Setting the Right Course in Times of Crisis

Is this art, or does it need clear­ing away? The cri­sis is lead­ing to con­sol­i­da­tion in many places. Short-term earn­ings today are inevitably gain­ing the upper hand over spec­u­la­tive ideas for the day after tomor­row. The art of ambidex­ter­i­ty, how­ev­er, can­not be cleared away for this very rea­son! Diver­si­ty and dis­sent are espe­cial­ly impor­tant now to find the right bal­ance.

The bal­ance between effi­cient­ly exploit­ing exist­ing busi­ness mod­els and coura­geous­ly explor­ing new oppor­tu­ni­ties for the day after tomor­row is at no time easy. The first dig­i­tal cam­era was invent­ed at Kodak in 1975, but it did­n’t stand a chance against the then dom­i­nant film busi­ness. And even the well-known Xerox Palo Alto Resarch Cen­ter (PARC), found­ed in 1970 in the face of the latent threat to the suc­cess­ful pho­to­copi­er busi­ness due to expir­ing patent pro­tec­tion for Xerox xerog­ra­phy, has a remark­able list of inno­va­tions from laser print­ers to pro­gram­ming lan­guages and graph­i­cal user inter­faces. The only flaw in this suc­cess sto­ry: With the excep­tion of the laser print­er, which was suc­cess­ful­ly mar­ket­ed by Xerox in the form of the laser copi­er, Xerox has not man­aged to take advan­tage of any of these great inven­tions.

The sixth the­sis of the Man­i­festo for Human(e) Lead­er­ship.

Thus, if the bal­ance between the all-dom­i­nant today’s suc­cess mod­el and the oppor­tu­ni­ties for the day after tomor­row is appar­ent­ly dif­fi­cult to find even in good times, com­pa­nies fall even more into this imbal­ance in times of cri­sis. Under­stand­ably so, because those who do not sur­vive today no longer need to wor­ry about the day after tomor­row. How­ev­er, if the focus is too much on eco­nom­ic sur­vival here and now, it becomes tun­nel vision and thus endan­gers the long-term exis­tence.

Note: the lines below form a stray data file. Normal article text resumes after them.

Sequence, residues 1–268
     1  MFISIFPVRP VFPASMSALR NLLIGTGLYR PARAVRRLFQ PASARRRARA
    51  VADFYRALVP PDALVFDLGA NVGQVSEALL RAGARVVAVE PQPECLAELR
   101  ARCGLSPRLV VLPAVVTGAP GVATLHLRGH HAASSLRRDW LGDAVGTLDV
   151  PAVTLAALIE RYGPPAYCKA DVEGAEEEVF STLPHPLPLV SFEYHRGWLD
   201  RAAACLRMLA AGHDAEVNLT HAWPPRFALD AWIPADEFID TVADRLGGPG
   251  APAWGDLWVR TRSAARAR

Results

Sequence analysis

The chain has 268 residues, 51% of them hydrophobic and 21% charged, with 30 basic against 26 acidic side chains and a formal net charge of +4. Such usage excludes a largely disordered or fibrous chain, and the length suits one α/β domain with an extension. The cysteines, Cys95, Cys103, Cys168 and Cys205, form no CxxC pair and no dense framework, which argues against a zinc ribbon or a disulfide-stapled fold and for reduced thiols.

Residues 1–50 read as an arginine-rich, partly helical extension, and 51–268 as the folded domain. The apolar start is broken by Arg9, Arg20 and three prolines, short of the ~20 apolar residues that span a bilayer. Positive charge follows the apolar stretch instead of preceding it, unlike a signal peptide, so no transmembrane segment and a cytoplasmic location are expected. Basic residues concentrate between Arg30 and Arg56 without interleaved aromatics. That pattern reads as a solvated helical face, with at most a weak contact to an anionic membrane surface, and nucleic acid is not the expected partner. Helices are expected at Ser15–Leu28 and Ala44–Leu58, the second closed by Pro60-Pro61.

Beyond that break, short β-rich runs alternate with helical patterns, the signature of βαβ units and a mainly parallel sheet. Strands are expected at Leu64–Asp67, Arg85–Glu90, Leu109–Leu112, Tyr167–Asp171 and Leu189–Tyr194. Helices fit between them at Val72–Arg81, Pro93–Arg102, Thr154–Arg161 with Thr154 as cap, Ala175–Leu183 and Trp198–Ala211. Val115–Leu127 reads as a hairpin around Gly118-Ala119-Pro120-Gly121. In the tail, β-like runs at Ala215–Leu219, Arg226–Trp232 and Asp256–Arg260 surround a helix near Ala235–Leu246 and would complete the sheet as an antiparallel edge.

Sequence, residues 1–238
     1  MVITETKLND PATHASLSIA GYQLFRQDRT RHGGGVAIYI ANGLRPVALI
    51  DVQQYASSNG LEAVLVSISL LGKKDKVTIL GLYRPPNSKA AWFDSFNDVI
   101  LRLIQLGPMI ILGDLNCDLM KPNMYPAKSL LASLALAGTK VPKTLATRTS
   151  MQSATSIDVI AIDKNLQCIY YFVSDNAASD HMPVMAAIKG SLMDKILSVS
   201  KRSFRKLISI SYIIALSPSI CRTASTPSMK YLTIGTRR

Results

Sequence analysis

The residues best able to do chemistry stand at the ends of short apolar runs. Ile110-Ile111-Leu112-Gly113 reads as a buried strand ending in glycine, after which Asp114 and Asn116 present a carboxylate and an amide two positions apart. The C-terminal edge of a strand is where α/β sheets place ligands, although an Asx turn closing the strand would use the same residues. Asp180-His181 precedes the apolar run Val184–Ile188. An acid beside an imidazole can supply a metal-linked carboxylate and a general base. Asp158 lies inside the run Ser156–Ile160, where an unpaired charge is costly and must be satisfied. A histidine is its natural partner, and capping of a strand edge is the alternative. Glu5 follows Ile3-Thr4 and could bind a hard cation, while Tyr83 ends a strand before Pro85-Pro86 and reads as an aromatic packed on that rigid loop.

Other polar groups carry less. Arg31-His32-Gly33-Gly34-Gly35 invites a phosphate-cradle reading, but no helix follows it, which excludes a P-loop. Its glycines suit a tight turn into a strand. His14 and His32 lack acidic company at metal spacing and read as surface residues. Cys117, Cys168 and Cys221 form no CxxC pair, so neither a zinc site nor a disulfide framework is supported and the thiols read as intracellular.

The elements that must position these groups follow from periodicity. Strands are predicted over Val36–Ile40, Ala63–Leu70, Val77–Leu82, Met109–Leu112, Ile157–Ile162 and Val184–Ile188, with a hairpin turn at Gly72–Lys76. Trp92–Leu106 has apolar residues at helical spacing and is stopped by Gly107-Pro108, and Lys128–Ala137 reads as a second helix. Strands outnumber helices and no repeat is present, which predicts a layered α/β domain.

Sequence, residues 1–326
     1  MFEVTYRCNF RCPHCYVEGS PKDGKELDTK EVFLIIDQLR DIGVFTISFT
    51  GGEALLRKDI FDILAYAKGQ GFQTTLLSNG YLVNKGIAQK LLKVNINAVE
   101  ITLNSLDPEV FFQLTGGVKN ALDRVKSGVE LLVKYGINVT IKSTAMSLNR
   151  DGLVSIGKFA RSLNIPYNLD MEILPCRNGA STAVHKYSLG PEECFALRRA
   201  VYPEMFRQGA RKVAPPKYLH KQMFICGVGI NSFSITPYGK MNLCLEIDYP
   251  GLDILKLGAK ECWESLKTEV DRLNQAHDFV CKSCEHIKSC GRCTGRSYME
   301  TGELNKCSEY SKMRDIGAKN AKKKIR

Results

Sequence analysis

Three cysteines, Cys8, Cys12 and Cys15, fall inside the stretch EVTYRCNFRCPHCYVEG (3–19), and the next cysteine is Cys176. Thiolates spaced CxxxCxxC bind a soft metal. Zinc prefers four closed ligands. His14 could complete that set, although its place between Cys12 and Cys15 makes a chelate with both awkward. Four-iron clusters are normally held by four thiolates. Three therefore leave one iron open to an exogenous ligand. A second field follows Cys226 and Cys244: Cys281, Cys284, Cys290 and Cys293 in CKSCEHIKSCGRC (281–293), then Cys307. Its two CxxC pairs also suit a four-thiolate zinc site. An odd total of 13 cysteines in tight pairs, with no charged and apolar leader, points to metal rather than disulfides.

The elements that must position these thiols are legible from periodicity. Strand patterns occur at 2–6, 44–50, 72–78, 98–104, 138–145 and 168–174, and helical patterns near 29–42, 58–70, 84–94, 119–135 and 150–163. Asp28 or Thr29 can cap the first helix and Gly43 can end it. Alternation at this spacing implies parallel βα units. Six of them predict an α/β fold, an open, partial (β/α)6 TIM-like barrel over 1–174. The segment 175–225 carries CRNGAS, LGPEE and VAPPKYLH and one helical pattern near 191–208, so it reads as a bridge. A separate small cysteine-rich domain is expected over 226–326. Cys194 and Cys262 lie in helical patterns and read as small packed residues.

May we nev­er con­fuse hon­est dis­sent with dis­loy­al sub­ver­sion.

Dwight D. Eisen­how­er

The ramp-up to old strength after the cri­sis must be fast and tar­get­ed. Diver­si­ty and dis­sent are just dis­turb­ing. The cri­sis pro­motes con­for­mi­ty and con­sen­sus and, with this intel­lec­tu­al mono­cul­ture, lays the foun­da­tion for the next cri­sis. “Think dif­fer­ent” was yes­ter­day. Orga­ni­za­tion­al rebels and court jesters are there­fore not in demand, but all the more impor­tant because in this phase, with con­struc­tive irri­ta­tion, they broad­en the view again and direct it from today to the day after tomor­row.

The sec­ond the­sis of the Man­i­festo for Human(e) Lead­er­ship.

Dur­ing the cri­sis the course is set for the day after tomor­row. Despite all the uni­ty and deter­mi­na­tion, diver­si­ty and dis­sent is not a mis­take in this phase. Quite the oppo­site. In his book “The Effec­tive Exec­u­tive” (Ama­zon Affil­i­ate-Link), Peter F. Druck­er explic­it­ly advis­es not to make impor­tant deci­sions with­out pri­or dis­sent. He men­tions Alfred P. Sloan as a prime exam­ple of this, who alleged­ly said at a meet­ing of his top man­age­ment: “Gen­tle­men, I take it we are all in com­plete agree­ment on the deci­sion here.” Every­one around the table nod­ded assent. “Then,” con­tin­ued Mr. Sloan, “I pro­pose we post­pone fur­ther dis­cus­sion of this mat­ter until our next meet­ing to give our­selves time to devel­op dis­agree­ment and per­haps gain some under­stand­ing of what the deci­sion is all about.”

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